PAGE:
“Take time to be aware that in the very midst of our busy preparations for the celebration of Christ’s birth in ancient Bethlehem, Christ is reborn in the Bethlehems of our homes and daily lives. Take time, slow down, be still, be awake to the Divine Mystery that looks so common and so ordinary yet is wondrously present.” – Edward Hays, A Pilgrims Almanac
Advent is a season of waiting and preparation for the Nativity of Christ – the word “advent” is the translation of the Latin word “adventus” meaning “coming” and the Greek word “parousia” which refers to the Second Coming of Christ.
Why Celebrate Advent?
I confess that I don’t remember celebrating the season of Advent as a child in a Protestant Christian home. It wasn’t until I started having my own children that I began to be enlightened to the greater purpose of this season. Children know something of anticipation that we adults have left behind long ago, it seems.
By the time Thanksgiving rolls around, their eyes begin to shine with joy and anticipation. After watching this a second time around (with child #2), I had a “Aha!” moment – they should be anticipating Christmas every single day – I just needed to help them see why.
This is a season to make room for Christ to be born in our hearts.
Mary wasn’t planning on becoming pregnant. But her response to this frightening, unexpected pregnancy is one of peaceful, trusting surrender: “Behold, the handmaid of The Lord; let it be unto me according to Thy Word.”
This is a time to direct our passions and longings towards Christ and not towards the stuff this earth can offer. It’s not about the cookies, music, presents, holiday parties, or even the relatives who come to visit (although these are all fun and festive bonuses!)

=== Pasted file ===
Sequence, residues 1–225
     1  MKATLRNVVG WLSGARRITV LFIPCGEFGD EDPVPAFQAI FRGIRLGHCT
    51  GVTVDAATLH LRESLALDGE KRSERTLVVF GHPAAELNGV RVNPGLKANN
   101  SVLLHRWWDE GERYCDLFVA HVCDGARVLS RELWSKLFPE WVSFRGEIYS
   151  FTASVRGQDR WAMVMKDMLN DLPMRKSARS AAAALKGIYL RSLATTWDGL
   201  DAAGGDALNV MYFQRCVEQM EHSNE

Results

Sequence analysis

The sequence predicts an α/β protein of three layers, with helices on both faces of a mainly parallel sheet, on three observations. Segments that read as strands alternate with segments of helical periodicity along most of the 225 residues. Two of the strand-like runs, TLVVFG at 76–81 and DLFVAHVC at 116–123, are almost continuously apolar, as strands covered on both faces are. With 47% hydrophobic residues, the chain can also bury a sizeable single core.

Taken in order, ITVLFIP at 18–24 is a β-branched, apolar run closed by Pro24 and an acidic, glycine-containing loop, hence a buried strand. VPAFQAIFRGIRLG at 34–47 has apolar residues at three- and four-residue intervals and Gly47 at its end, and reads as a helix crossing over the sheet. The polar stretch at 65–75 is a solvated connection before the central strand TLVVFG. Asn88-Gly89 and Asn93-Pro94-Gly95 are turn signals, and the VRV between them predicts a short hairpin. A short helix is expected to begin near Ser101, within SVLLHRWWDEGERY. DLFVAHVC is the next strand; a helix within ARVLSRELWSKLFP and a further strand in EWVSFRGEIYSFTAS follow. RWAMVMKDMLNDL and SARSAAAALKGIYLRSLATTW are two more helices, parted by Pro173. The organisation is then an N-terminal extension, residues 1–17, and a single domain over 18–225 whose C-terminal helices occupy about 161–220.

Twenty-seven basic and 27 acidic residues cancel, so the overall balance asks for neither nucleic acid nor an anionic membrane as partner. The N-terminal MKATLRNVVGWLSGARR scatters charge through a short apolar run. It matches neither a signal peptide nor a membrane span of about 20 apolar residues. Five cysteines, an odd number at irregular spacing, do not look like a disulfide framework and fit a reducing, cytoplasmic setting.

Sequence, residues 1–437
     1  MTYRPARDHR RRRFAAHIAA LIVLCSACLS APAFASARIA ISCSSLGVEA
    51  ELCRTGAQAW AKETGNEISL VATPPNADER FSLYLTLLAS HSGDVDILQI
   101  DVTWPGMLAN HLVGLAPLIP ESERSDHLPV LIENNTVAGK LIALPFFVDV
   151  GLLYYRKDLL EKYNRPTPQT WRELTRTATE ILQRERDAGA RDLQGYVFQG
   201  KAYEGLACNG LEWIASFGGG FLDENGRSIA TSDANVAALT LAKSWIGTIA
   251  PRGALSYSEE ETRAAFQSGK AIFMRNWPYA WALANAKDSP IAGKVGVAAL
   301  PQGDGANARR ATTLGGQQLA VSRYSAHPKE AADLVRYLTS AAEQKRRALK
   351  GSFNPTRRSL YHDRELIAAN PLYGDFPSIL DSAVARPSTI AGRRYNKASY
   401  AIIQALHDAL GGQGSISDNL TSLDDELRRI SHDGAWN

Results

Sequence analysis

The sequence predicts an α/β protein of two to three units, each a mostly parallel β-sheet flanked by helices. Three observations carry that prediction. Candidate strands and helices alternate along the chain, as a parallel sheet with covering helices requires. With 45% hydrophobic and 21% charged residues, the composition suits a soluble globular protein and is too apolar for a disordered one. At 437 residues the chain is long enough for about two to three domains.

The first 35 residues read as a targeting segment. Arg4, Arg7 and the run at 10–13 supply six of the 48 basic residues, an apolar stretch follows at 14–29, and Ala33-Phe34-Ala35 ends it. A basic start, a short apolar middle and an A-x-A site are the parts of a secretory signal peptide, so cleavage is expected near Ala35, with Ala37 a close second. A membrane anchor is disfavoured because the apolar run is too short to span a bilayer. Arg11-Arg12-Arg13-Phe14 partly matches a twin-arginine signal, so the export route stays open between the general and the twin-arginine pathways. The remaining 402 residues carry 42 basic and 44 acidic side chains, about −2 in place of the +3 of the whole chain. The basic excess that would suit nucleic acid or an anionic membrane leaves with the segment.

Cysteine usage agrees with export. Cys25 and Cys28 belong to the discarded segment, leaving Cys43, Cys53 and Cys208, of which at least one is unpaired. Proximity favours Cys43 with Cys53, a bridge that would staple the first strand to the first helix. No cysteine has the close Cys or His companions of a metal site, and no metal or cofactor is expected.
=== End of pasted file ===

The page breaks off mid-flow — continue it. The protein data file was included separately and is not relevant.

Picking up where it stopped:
25 Acts of Kindness
This is a season to ponder God’s great gift to us – that of His only Son – and then stretch ourselves and increase the generosity of our own hearts.
It is humbling to meditate on how God the Father gave His best, His only Son to us – for us. As we contemplate how Christ humbled Himself to be wrapped in human flesh, born to die that we might be reunited with the Father, our hearts overflow with gratitude which we long to pour into the lives of friends, neighbors, and even strangers.
This is a point that we will choose to linger on this year as a family. A friend of mine found this blog post with an idea to do 25 Random Acts of Kindness – one act of kindness each day – during the season of Advent. Her family did this last year and had some pretty amazing experiences and opportunities to spread the love of Christ as a result.
I wasn’t so much into the brown bag idea, so I checked Pinterest out and found this great idea. I love that this calendar is one that we painted together and can keep and re-use for years to come.
I’m placing two different slips of paper in each day’s box. One will include a passage of Scripture for reflection and prayer (I’m choosing this year to focus on prophesies about Christ in the Old Testament and their fulfillment in the New Testament).
The other will include an “act of kindness” that we will accomplish as a family. While I liked many of the random acts suggested by the blog I referenced, I plan to tailor ours to center on the people, neighborhood, community, and opportunities that surround our lives specifically.
I pray that with each act of kindness completed, we will grow in our understanding that it truly is more blessed to give than to receive – and that Christmas is all about what Christ has given us (Himself) and what He has placed in our hands and hearts to give to others.
Do you celebrate Advent? If so, what are some of your favorite ways to celebrate? I would love to hear from you!